One of the most disturbing images in Food Inc. was the part when they simulated the growth cycle of a chicken. According to their projections, which were backed by the Food and Drug Administration, chickens grew to full weight in a mere 44 days instead of the normal three month pattern.
After the tremendous amounts of outcry and damning films like Food Inc., the FDA announced that its giving the food industry three years to voluntarily stop using antibiotics to make food-animals grow faster. Can you hear the food industry shaking in their platinum stirrups? Right … I don’t either.
It’s speculated that the FDA enacted this policy to save themselves from the backlash created by the new drug-resistant superbugs, which threaten human health.
According to WebMD, Thirty-five years ago, the FDA issued a formal finding that use of antibiotics should be banned. Consumer groups sued and petitioned the FDA to act on this finding. In December 2011 the FDA withdrew the finding.
Incongruously, The National Pork Producers Council said Wednesday that the FDA “did not provide compelling evidence” that antibiotic use in livestock is unsafe. I’m not sure what planet these people come from but the only reason we have such widespread use of antibiotics is because Congress censured the FDA’s findings in 1977.
Meanwhile, consumer advocates and environmental organizations lambasted the notoriously weak regulators, saying that the FDA’s is “pretending to act while barely acting at all,” this according to National Resources Defense Council.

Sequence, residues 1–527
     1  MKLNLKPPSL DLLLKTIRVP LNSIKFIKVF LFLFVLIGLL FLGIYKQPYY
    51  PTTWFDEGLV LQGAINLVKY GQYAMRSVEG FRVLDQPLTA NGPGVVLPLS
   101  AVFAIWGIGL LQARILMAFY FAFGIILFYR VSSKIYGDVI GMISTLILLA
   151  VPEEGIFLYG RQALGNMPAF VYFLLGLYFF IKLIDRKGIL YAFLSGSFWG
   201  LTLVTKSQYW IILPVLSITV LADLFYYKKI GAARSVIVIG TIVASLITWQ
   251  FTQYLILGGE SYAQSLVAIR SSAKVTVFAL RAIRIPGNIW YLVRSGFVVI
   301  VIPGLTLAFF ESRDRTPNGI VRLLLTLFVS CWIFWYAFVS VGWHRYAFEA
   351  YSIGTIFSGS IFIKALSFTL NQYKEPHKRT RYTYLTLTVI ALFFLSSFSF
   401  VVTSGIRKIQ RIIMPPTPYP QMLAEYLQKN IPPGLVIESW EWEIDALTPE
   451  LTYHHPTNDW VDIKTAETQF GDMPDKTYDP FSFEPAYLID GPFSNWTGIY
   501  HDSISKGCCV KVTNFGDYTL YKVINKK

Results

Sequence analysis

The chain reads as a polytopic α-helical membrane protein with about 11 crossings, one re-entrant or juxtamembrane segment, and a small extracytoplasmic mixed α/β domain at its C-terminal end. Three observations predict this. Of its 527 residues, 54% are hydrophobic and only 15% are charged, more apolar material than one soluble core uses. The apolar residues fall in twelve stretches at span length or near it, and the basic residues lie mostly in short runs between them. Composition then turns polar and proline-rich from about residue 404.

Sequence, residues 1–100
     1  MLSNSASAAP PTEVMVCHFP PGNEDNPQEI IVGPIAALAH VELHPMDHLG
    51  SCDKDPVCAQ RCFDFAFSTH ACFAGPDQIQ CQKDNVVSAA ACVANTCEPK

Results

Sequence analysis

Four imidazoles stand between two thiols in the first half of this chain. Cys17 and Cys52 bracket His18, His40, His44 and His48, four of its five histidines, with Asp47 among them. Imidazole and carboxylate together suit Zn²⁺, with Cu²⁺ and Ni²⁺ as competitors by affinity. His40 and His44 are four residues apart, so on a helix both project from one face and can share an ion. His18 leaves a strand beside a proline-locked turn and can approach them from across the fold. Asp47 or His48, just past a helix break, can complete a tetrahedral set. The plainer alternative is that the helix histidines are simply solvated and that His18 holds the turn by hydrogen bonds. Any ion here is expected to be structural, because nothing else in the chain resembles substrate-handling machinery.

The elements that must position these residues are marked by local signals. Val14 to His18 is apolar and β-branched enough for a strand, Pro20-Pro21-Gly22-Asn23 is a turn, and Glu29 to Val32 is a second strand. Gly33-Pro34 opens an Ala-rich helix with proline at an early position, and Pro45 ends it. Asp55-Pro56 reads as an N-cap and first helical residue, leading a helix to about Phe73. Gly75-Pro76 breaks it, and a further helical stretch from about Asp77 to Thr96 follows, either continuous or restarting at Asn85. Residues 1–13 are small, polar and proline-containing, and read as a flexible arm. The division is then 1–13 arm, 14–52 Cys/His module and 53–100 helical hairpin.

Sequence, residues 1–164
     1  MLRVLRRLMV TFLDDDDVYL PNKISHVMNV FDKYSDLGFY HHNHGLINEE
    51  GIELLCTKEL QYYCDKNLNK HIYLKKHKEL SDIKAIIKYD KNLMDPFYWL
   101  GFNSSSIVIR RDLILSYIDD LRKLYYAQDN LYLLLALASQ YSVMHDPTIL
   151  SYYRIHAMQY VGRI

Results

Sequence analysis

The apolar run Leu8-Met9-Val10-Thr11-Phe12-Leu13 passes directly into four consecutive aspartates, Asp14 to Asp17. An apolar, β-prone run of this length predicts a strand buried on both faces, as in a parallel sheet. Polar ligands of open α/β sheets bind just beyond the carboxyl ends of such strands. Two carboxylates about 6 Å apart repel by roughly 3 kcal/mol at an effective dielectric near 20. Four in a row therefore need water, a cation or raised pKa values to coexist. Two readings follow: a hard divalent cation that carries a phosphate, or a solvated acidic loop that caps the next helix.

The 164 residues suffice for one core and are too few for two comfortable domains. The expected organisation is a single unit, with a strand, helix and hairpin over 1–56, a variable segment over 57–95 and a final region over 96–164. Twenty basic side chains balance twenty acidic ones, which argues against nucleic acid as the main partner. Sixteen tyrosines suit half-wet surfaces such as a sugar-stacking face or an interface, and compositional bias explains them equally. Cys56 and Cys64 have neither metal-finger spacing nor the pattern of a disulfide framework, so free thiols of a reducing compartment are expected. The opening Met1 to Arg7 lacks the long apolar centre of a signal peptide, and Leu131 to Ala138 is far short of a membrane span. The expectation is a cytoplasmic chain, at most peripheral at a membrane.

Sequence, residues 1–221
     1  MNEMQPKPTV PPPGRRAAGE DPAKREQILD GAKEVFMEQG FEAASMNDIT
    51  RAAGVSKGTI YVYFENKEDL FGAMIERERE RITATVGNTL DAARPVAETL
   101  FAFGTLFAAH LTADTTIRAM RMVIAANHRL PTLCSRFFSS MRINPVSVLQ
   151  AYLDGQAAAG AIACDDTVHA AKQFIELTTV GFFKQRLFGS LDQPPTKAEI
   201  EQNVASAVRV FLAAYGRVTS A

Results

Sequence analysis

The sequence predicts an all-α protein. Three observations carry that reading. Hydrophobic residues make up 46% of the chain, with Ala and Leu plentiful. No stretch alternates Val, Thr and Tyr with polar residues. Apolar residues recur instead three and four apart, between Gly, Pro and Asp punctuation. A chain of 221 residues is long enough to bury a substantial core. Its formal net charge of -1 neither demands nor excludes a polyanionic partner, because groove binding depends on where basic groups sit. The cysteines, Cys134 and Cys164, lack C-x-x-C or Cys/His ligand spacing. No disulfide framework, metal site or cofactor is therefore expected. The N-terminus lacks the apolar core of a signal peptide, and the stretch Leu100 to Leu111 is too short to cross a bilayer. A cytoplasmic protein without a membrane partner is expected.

Under the FDA’s voluntary plan:
- The food industry would give antibiotics to animals only under the supervision of a veterinarian.
- Veterinarians would prescribe antibiotics for food animals only to prevent, control, or treat specific diseases.
- Drugmakers would voluntarily change antibiotic drug labels to indicate use of the drugs only when the animals’ health is threatened, and only with veterinarian oversight or consultation. A draft of this proposal was issued today and is open for public comment for 90 days.
- New rules will govern the use of antimicrobial drugs in animal feed. A draft of the new rules was issued today and is open for public comment for 90 days.
- The FDA will phase in the plan over the next three years. After that time, the FDA promises to check on how the plan is working and to take stronger action if it isn’t.
Most of the antibiotics given to food animals are put in their feed or water. This almost always is done on a herd-wide or flock-wide basis. It makes animals put on weight faster and makes them gain more weight with less food.
When antibiotics are used this way, the dose the animals get isn’t enough to kill off all the bacteria inside them. Over time, the bacteria become more and more drug resistant. When such superbugs infect humans, standard treatments don’t cure the infection.
There are some researchers, such as an expert panel of the Institute of Food Technologists, who say the odds are low that any of these bugs will find their way into humans. But in testimony before Congress, the USDA, the FDA, and the CDC all said that the use of antibiotics in food animals leads to infections with drug-resistant bacteria in humans.